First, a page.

• Understand that the law is not always just. For example, many citizens do not know that Miranda rights are not required to be read in every situation. In a similar vein, the law is not always applied reasonably, as studies have shown that darker-skinned defendants tend to receive more unfair treatment during processing and harsher sentencing when tried.
  • Do away with political cognitive dissonance: Our collective legislative and political workload increases when supposed allies vote for a candidate whose policies are known to unjustly target disadvantaged groups while espousing beliefs that everyone should be treated equally.
While this is not an exhaustive list, these are stepping stones to being an ally, which is a full-time job. Being an ally is a full-time job because when you are a member of a disadvantaged group, the barriers that must be overcome are present on a day-to-day basis.

Unlearning Oppression (Lesson 3): Allies for Justice

We see daily that we each much choose a side. There are no bystanders in this moment. Coronavirus in the form Covid-19 ravishes our community on one side, while systemic oppression and white supremacists devour our Black flesh in the light of day. Long prey to the economic hungers of Jim Crow America, we can no longer sit quietly with our own sustained hunger, historical discriminatory unemployment, political disenfranchisement and continued enslavement through mass incarceration, we stand up for our lynched and murdered Black Americans. We simply say, “No more!” Now, we need support from our allies.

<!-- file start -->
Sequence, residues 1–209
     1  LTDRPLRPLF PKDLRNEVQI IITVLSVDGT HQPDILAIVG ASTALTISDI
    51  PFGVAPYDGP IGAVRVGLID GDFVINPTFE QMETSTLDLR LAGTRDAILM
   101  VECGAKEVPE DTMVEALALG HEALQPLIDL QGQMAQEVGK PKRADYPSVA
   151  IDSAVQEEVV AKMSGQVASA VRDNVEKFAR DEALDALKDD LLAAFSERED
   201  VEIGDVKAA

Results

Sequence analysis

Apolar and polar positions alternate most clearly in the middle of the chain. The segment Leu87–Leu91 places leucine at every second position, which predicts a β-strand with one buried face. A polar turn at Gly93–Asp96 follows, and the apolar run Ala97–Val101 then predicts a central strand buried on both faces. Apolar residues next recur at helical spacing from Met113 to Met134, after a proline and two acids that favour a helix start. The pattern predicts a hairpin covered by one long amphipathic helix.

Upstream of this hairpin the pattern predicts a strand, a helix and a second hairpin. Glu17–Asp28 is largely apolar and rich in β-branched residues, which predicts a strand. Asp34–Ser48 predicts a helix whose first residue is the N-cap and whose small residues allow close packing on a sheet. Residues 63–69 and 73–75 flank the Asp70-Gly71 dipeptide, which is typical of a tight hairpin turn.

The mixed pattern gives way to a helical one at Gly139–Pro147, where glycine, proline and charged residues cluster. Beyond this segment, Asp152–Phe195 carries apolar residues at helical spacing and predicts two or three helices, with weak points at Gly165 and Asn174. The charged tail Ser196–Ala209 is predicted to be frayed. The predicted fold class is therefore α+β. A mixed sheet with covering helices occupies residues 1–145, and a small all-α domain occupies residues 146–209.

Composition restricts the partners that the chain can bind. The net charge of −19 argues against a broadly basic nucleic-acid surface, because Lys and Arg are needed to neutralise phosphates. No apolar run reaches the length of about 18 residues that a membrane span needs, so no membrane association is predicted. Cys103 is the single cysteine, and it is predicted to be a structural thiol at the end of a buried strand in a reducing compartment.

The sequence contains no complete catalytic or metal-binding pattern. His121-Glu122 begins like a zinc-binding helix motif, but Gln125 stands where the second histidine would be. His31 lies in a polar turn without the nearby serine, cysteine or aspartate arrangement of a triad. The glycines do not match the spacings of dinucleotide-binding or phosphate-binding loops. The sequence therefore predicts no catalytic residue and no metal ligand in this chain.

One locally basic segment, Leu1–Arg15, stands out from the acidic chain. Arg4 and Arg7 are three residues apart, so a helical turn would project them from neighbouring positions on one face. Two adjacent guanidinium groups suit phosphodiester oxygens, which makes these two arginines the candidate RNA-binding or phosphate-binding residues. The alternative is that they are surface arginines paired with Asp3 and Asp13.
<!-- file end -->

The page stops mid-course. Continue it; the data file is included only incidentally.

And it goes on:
Don’t make excuses. If you don’t know any people of color, start reaching out with kindness. Treat us like humans. Don’t pretend you don’t see the news. Black people in America are in need of support. We need to know that White-Americans believe in our humanity and our right to live without daily enactments of violence upon our bodies. We need to know that White Americans do not condone  someone sitting on our father’s neck until he dies. We need to see White Americans outraged because our son was shot down for sport during a jog in his neighborhood. We need to hear words, see actions that unequivocally demonstrate that White Americans will not tolerate the innocent slaughter of our sons, daughters, mothers, fathers, elders and children in our own homes, yards and cars.